12.28.2010

Is it wrong to expect kids to go to college?

Yesterday while driving around town, hubs and I were talking about college. Why? No idea. We got on the conversation about schools not preparing students for what they need. I take offense to that as a teacher, but then when I look out of my own little box, I have to agree sometimes. Many kids aren't getting what they need out of school and are falling through the cracks. And, we are expecting too much from some kids who are doing the best they can do.

In my mind, my daughter will go to college after high school and get a great job. Hubs wants her to go to vet school, I just want her to do something that she wants to do. She's 4, it will change often in the coming years! For me, going to college wasn't something that was pushed upon me by my parents. I did OK in high school, but it wasn't fabulous. I didn't care. I wasn't rebelious, I just didn't care about high school. I wasn't popular, wasn't one of the pretty, skinny girls, I was just there. I played soccer and swam on the swim team, but those aren't sports or activities that make you popular. I wasn't outgoing, which was why I was the way I was. But, I knew I wanted to be a teacher. And to do that, I had to go to college, come hell or high water. And I did that. In 4 short years, I graduated college and started teaching.

Anyway, back to my thoughts. In my mind, I am trying to prepare my first graders for the possibility of college. I want them to aspire to going to college and getting the good jobs. I want them to see that there is more out there than what their parents have. I hope for all of them that is the case, but I know it's not the reality. Most of the kids we teach aren't going to go to college. Most will barely make it through high school, if they stay in the country long enough to do it. I guess I have never really thought about it that much, but now that I do, it makes me sad. The kids I have now will grow up and do what? Sure, there are some who will go to school and be succesful, but not all. And for those that don't go to college, what will they do?

Our schools prepare kids for the college track. They work on reading, writing and math for ever, but they do it in the later years with stuff that doesn't make sense in life. I had to read Romeo and Juliet and it didn't change my life. It didn't help me be a better student. It killed some time in class. And don't get me started on math. I am lucky I can teach the 1st grade math! My hubby believes that we should teach kids based on what they want or will be able to do later in life. Since not all kids are college bound, there should be more life skills classes or job training classes. Europe has some of the right ideas, really. Kids go to school for the things they are able to do and want to do rather than to take some arbitrary classes in English when they can't write a sentence.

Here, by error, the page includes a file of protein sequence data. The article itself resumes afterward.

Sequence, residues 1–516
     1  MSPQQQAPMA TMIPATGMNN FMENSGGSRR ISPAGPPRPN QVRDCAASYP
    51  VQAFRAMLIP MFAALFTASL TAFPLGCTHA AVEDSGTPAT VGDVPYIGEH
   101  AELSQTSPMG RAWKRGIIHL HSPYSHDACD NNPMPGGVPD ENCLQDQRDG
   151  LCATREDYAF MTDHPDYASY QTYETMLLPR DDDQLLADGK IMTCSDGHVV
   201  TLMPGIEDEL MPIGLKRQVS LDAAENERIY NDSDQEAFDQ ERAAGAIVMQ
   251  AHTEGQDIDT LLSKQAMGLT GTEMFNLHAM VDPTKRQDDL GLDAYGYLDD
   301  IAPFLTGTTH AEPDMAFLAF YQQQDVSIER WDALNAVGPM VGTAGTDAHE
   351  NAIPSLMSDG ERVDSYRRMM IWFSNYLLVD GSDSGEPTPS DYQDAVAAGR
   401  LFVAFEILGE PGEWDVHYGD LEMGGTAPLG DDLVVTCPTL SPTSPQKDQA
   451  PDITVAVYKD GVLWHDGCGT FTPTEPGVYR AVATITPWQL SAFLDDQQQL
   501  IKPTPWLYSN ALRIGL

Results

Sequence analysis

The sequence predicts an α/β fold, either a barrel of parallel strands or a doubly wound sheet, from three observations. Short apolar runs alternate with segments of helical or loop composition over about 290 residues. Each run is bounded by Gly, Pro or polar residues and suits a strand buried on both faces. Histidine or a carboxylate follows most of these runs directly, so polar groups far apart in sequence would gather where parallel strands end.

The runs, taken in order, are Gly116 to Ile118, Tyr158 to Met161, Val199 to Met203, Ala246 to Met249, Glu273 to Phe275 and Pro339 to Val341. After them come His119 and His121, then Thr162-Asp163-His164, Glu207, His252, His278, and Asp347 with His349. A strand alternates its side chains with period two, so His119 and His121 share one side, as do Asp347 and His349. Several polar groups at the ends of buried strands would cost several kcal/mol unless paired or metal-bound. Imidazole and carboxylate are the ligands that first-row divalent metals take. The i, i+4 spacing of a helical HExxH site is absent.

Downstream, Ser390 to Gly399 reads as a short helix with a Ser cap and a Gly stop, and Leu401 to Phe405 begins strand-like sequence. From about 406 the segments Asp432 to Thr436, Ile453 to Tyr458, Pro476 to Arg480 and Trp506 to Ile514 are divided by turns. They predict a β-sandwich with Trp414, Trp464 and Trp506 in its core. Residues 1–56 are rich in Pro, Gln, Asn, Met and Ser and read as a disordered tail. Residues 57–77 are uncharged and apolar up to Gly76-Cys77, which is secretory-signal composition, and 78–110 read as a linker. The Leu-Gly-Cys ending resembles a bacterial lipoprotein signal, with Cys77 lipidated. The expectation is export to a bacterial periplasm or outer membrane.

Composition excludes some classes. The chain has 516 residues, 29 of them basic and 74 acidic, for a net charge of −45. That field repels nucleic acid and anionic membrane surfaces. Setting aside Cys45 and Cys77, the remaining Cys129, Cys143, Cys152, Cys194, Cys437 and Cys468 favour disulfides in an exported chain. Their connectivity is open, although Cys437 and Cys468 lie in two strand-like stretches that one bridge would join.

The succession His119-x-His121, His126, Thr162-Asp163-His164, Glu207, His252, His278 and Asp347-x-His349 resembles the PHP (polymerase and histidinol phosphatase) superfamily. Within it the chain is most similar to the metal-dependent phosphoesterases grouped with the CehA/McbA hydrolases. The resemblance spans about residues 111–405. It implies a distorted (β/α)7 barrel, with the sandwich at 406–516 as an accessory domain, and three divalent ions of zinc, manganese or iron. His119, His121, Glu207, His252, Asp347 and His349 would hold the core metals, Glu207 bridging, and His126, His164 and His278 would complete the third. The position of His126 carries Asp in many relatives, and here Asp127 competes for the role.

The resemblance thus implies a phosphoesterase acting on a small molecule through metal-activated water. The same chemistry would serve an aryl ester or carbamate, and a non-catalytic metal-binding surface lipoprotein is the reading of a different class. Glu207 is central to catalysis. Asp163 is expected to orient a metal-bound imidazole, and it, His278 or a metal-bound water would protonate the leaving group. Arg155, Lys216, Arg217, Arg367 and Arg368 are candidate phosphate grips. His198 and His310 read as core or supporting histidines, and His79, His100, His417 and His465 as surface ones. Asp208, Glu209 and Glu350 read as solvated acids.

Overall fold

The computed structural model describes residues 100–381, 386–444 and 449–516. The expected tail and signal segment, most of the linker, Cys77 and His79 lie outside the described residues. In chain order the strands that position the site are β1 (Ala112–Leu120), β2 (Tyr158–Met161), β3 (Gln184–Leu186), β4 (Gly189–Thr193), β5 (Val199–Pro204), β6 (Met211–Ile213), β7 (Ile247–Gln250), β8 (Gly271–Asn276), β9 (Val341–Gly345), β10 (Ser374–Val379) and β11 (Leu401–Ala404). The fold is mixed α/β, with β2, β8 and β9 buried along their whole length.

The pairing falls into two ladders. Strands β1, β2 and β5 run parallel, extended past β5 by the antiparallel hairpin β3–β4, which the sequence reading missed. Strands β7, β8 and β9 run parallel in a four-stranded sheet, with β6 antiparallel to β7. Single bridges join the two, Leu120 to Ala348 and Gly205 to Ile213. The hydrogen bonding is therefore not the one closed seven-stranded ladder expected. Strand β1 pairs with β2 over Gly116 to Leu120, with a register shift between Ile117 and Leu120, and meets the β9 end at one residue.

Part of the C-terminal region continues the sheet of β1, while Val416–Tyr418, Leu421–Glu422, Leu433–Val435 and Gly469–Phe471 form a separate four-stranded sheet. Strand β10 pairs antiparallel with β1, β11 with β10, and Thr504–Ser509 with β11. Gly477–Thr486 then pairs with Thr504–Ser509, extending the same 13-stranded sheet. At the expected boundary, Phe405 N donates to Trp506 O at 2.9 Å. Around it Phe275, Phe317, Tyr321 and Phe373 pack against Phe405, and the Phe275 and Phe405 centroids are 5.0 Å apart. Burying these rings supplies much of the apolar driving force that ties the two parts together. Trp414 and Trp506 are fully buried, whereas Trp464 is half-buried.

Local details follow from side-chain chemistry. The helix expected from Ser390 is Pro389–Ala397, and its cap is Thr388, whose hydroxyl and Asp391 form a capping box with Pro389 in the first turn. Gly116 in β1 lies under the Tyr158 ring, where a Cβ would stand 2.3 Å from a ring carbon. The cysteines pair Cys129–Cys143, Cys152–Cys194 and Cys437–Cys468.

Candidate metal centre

My friend at work has a son in high school. He is taking 7 classes. He is on the "college track", but he isn't doing well. He is in AVID, which is to help kids get ready for college. They push and push them to do more than they can, and then the grades suffer. But on the flipside, they kids who don't have a chance of going to school are given the easier classes with nothing expected from them except to graduate and work at McDonald's. Why aren't we pushing them to do more? Why aren't we giving them more classes to help them out to be better?

I don't know what the answer is. I feel so hopeful with my kids, but then I think about my first group of first graders who are now turning 19 and I wonder how many are doing anything meaningful with their lives. How many actually graduated high school? How many are in school? I have always hoped that I impress upon my kids the value of education and how important it is that they learn to read and write and do math, just so they can survive. I don't think the kids see anything wrong with having ot translate for their parents at conferences when they are 6 and 7 and they think it's normal. I don't think they kids see that their parents lives could have been better if they knew how to read - in any language. I don't think the kids see what they have been given with learning.

I guess I will always be an optomist with my kids and hope for the best. I can hope that they will take something away from my class and remember how hard I wanted them to work and do their best. I can hope that in the coming grades, they work hard and learn and are successful in their learning. I can hope they stay in this country and continue their education. I can hope they make it to high school and graduate. I can hope they decide to go to college and make something of themselves. And deep down, I hope that this all comes true and that the others are wrong. Sadly, I think I am the one who is wrong, but I won't tell myself that just yet!

I don't know if this makes sense to anyone else, but I hope it does.

1 comment:

  1. I teach 4th grade, and have a 6th grade son who will likely go to college. I think we should prepare all kids to go to college IF that is their wish. However, I think the attitude that if kids don't go to college, they can't make something of themselves is the problem. I cringe when I see "Welcome, future college graduates!" on the door of one of my fellow elementary teachers. In the name of creating opportunity for kids, we're creating an atmosphere of shame for kids who may choose a different path. My brother (and we are still youngish) got his GED because he didn't fit the mold. No college. He's brilliant, though. He's the VP of a company, loves his work, and makes great $$$. There are many in our family who fit that non-traditional profile. Why can't we honor a broader spectrum of choices?

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